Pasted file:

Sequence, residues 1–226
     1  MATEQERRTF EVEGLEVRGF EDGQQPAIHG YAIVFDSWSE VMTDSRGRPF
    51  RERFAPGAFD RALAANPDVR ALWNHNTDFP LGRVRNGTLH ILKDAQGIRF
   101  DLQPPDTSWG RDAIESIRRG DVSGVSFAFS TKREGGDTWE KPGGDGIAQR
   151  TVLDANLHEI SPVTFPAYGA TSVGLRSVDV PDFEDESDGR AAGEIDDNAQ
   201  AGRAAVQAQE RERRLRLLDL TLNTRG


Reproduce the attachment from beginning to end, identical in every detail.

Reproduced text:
Sequence, residues 1–226
     1  MATEQERRTF EVEGLEVRGF EDGQQPAIHG YAIVFDSWSE VMTDSRGRPF
    51  RERFAPGAFD RALAANPDVR ALWNHNTDFP LGRVRNGTLH ILKDAQGIRF
   101  DLQPPDTSWG RDAIESIRRG DVSGVSFAFS TKREGGDTWE KPGGDGIAQR
   151  TVLDANLHEI SPVTFPAYGA TSVGLRSVDV PDFEDESDGR AAGEIDDNAQ
   201  AGRAAVQAQE RERRLRLLDL TLNTRG